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author = "Georgios Karagkounis and Torbenson, {Michael S.} and Daniel, {Hubert D.} and Azad, {Nilofer S.} and Diaz, {Luis A.} and Donehower, {Ross C.} and Kenzo Hirose and Nita Ahuja and Pawlik, {Timothy M.} and Choti, {Michael A.}",
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T1 - Incidence and prognostic impact of KRAS and BRAF mutation in patients undergoing liver surgery for colorectal metastases

AU - Karagkounis, Georgios

AU - Torbenson, Michael S.

AU - Daniel, Hubert D.

AU - Azad, Nilofer S.

AU - Diaz, Luis A.

AU - Donehower, Ross C.

AU - Hirose, Kenzo

AU - Ahuja, Nita

AU - Pawlik, Timothy M.

AU - Choti, Michael A.

PY - 2013/12/1

Y1 - 2013/12/1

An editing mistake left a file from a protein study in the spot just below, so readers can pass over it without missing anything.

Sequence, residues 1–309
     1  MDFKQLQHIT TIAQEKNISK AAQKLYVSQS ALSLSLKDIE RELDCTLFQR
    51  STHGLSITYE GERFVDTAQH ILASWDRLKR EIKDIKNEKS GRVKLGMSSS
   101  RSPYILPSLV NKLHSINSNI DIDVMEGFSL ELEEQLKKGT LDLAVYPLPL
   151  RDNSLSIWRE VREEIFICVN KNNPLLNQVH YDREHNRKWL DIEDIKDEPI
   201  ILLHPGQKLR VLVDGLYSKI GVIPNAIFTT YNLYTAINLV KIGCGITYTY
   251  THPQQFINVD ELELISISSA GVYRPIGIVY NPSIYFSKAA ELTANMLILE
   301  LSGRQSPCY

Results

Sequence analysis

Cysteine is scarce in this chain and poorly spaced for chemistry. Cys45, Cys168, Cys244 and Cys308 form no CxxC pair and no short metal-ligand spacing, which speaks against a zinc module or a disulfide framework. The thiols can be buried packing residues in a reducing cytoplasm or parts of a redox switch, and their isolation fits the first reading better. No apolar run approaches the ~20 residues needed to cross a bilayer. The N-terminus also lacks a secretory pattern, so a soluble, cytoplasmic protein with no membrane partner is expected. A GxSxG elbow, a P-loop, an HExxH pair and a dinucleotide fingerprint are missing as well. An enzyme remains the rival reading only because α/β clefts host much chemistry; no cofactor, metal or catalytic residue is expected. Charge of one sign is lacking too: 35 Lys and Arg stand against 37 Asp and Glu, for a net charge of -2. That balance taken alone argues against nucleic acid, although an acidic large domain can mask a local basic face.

N2 - BACKGROUND Molecular biomarkers offer the potential for refining prognostic determinants in patients undergoing cancer surgery. Among patients with colorectal cancer, KRAS and BRAF are important biomarkers, but their role in patients undergoing surgical therapy for liver metastases is unknown. In this study, the incidence and prognostic significance of KRAS and BRAF mutations were determined in patients undergoing surgical therapy of colorectal liver metastases (CRLM). METHODS KRAS and BRAF analysis was performed on 202 patients undergoing surgery for CRLM between 2003 and 2008. Tumor samples were analyzed for somatic mutations using sequencing analysis (KRAS, codon12/13, BRAF, V600E). The frequency of mutations was ascertained, and their impact on outcome was determined relative to other clinicopathologic factors. RESULTS KRAS gene mutations were detected in 58/202 patients (29%). In contrast, mutation in the BRAF gene was identified in very low frequency in this surgical cohort, found in only 4/202 (2%) patients. On multivariate analysis, KRAS mutation was associated with worse survival (hazard ratio [HR], 1.99; 95% confidence interval [CI], 1.21-3.26), as well as recurrence risk (HR, 1.68; 95% CI, 1.04-2.70). Although other clinicopathologic features, including tumor number, carcinoembryonic antigen, and primary stage were also associated with survival, KRAS status remained independently predictive of outcome. The low incidence of BRAF mutation limited assessment of its prognostic impact. CONCLUSION Whereas KRAS mutations were found in approximately one third of patients, BFAF mutations were found in only 2% of patients undergoing surgery for CRLM. KRAS status was an independent predictor of overall and recurrence-free survival. Molecular biomarkers such as KRAS may help to refine our prognostic assessment of patients undergoing surgical therapy for CRLM.